'I was under big pressure there – that was great': Steven Donnelly revels in comeback victory over Caoimhin Hynes
“JOB done - job f***king done.” Steven Donnelly wasn’t in the mood for niceties after having his hand raised at a packed Dockers Club last Friday night.
Ever since the Ulster Elite Championship draw was made the Sunday before, paving the way for a possible middleweight semi-final grudge match with Caoimhin Hynes, Donnelly had opted to keep his powder dry.
Interview requests were politely declined. Any talking, he insisted, would be done in the ring.
Before Friday night it had been three years since Donnelly last boxed in Ulster, and in between times he has picked up a Commonwealth Games bronze medal and appeared at an Olympic Games.
Finding the motivation for a return to his old stomping ground had been a struggle. He felt flat during sparring, as though he was just going through the motions.
Indeed, just two weeks before the weigh-ins, he still hadn’t decided whether to enter at all.
“I didn’t even know what I was going to do, to be honest,” said Donnelly, who stays on course for a sixth Ulster title at his fourth different weight having won at 57, 64 and 69kg already.
“I was thinking ‘should I or shouldn’t I?’ I was bored. My sparring in the build-up wasn’t great, I just felt bored. Dermot [Hamill] knew I was bored too, he was saying I needed to take it up a notch.”
Yet here he stands, preparing for an Ulster final against Fearghus Quinn at a sold out Ulster Hall with golden memories of a night he will never forget.
And what made Friday’s victory all the sweeter was the man in the opposite corner.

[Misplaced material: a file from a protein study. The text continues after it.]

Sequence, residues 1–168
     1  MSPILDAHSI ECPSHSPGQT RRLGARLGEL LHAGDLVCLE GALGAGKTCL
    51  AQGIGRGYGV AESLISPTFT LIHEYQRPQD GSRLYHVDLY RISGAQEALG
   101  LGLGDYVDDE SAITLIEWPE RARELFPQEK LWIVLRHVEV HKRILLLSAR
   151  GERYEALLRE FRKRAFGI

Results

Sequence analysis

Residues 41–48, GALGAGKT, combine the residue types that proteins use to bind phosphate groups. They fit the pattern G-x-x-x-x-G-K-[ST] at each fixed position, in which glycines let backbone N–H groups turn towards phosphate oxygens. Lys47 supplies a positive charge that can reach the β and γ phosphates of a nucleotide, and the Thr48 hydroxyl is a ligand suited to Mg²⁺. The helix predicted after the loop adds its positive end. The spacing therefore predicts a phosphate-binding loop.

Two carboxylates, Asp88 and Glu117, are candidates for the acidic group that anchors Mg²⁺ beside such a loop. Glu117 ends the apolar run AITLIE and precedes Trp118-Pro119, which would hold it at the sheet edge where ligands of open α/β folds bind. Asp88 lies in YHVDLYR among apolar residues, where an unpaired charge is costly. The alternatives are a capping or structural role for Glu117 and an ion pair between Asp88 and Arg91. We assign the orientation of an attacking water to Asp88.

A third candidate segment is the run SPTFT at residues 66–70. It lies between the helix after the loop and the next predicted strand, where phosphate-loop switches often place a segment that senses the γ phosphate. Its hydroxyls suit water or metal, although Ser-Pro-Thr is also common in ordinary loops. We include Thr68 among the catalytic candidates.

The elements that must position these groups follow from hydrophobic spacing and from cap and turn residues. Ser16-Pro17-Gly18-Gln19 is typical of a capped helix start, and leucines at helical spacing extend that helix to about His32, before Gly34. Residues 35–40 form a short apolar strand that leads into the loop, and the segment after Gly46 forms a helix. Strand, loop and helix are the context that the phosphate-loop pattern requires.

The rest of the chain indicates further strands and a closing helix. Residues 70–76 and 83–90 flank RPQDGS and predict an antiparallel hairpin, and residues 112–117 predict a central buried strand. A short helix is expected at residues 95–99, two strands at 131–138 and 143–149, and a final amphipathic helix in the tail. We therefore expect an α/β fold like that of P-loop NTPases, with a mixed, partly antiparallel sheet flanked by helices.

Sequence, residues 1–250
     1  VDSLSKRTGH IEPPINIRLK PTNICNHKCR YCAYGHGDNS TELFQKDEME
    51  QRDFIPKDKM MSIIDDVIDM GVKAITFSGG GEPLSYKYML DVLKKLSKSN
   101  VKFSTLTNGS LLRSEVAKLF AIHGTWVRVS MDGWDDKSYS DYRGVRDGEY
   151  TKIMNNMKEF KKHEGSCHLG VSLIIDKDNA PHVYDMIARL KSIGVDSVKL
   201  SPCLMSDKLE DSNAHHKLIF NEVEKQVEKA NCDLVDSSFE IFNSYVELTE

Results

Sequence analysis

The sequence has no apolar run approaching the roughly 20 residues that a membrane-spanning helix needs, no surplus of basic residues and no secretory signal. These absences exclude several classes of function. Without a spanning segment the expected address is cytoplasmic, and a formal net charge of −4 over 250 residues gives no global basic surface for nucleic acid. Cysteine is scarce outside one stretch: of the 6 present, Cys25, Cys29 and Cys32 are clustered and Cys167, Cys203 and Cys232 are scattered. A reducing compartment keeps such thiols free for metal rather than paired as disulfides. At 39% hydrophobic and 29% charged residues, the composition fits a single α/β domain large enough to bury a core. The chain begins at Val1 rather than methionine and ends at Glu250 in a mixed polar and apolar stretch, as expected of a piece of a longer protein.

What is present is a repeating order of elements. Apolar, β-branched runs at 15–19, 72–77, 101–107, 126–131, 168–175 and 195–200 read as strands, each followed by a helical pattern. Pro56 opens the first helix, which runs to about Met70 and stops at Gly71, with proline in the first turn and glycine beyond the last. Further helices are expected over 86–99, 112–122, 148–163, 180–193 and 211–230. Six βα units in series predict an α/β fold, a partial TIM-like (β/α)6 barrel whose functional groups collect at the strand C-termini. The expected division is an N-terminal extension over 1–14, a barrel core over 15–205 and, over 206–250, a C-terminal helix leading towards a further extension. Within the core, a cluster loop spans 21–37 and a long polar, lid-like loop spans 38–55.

“As soon as the draw was made, I was switched on.”
Donnelly and Hynes have had some intense sparring sessions in recent years, from which varying reports have emerged, and once or twice hostilities spilled out on to social media.
Friday’s fight had all the feeling of a hot and heavy grudge match, and one with no shortage of sub-plots.
An absorbing contest flashed by in the blink of an eye before Donnelly got the nod, an ill-advised headbutt in the second round seeing Hynes docked a crucial point on the road to defeat.
Referee Malachy Scott had to tell both men to cut the chit-chat at one stage and focus on the fighting. When they did, a belter broke out, with both sets of supporters roaring their men on.
“I was under big pressure there, first fight in ages – that was great,” said Donnelly.
“I could hear his supporters shouting ‘he’s finished’ and ‘it’s your time’. Then in the middle of the ring he was saying a few things too - he let himself down.
“But the atmosphere was brilliant. First fight back, the pressure I was under… I had been hoping to get a fight but no, I was straight into the deep end.
“On the Friday I saw the preview in The Irish News and thought ‘Jesus, this is going to be a big one with a big crowd there’, and so it was.
“But I used all my experience and his inexperience showed, especially with the headbutt. At that point I thought ‘happy days, he’s playing right into my hands here’.
“It was a good fight, close here and there, but he never hurt me once. I was well in control and was a clear winner. There were people thinking I was going to get beat, that it was his time.
“He’s only 20 and there’s me, I’m 29 now - an old man. To go in and do that just shows there’s plenty of fight left in me yet.